Words by Light

Story Cross-frontier collaboration
Sonia Garcés Romero and Vic Pereiró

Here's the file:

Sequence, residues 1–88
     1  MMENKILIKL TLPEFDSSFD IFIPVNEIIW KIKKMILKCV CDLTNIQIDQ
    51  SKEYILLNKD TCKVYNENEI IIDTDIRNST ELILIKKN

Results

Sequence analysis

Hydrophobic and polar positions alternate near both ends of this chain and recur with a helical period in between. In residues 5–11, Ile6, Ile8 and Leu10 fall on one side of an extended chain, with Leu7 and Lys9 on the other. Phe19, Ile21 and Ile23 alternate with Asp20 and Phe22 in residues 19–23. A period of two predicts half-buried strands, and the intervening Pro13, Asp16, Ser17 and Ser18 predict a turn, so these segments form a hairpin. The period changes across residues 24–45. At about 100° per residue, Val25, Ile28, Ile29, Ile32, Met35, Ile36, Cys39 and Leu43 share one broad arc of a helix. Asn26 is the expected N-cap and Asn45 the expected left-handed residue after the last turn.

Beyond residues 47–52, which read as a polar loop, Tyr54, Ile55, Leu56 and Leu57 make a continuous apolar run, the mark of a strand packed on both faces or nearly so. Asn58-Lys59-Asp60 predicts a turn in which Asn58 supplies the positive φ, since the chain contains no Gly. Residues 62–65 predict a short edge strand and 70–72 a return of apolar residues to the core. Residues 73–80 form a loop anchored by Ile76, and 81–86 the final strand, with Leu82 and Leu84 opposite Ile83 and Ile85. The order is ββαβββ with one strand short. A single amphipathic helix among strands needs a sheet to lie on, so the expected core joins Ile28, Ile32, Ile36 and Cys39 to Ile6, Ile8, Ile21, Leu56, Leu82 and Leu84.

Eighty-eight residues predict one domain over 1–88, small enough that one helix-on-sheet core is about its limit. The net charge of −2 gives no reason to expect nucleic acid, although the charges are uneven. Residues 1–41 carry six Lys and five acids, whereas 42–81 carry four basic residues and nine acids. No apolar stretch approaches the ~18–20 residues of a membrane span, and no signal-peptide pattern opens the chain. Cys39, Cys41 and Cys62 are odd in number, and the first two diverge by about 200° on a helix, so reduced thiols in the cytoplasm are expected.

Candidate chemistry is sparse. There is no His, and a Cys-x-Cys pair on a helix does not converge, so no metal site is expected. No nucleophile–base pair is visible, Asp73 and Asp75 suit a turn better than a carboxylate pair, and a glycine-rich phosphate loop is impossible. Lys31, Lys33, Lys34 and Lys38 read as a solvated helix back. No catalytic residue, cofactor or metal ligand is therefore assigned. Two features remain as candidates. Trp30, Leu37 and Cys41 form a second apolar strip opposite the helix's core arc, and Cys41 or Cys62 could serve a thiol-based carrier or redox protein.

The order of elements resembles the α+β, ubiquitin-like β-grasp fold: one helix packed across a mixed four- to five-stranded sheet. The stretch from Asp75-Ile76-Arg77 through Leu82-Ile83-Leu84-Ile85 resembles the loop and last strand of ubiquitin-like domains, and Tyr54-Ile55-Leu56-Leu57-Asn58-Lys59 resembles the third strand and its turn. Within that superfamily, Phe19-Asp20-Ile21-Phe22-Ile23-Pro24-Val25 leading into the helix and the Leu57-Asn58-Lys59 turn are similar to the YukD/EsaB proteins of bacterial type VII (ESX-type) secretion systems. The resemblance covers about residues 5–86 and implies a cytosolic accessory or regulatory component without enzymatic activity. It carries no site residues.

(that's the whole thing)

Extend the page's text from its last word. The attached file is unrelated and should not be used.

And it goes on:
Words by Light is an oral recovery memory project through old audiovisual archives of the Puerto de Sagunto Company Town (Spain). The project intents to put voice on the photographs by those who were direct or indirect protagonists of them. Among several voices, they mingle and merge into a single collective memory symphony that will be the result of the combination of memories, dreams and shared experiences in time and space by a group of individuals. This new voice will become all voices and none at the same time. The resulting story is as necessary and valuable as inaccurate and unrealistic. Beyond the description or historical-social contextualization, the goal is to influence the experiences of lost paradises or rediscovered, expectations and unfulfilled promises. An essential element of this kind of projects is the participation, since the story narrated by its own protagonists takes us away from the methods of historical analysis and values ​​the experience narrated in the first person. Furthermore, these first-person stories are a very powerful teaching tool, especially for new generations, to facilitate and complement their understanding of the recent history to face future challenges. Currently, participation and education are the key tools for the construction of the New Europe, so it must be addressed from different fields of study and reflection spaces.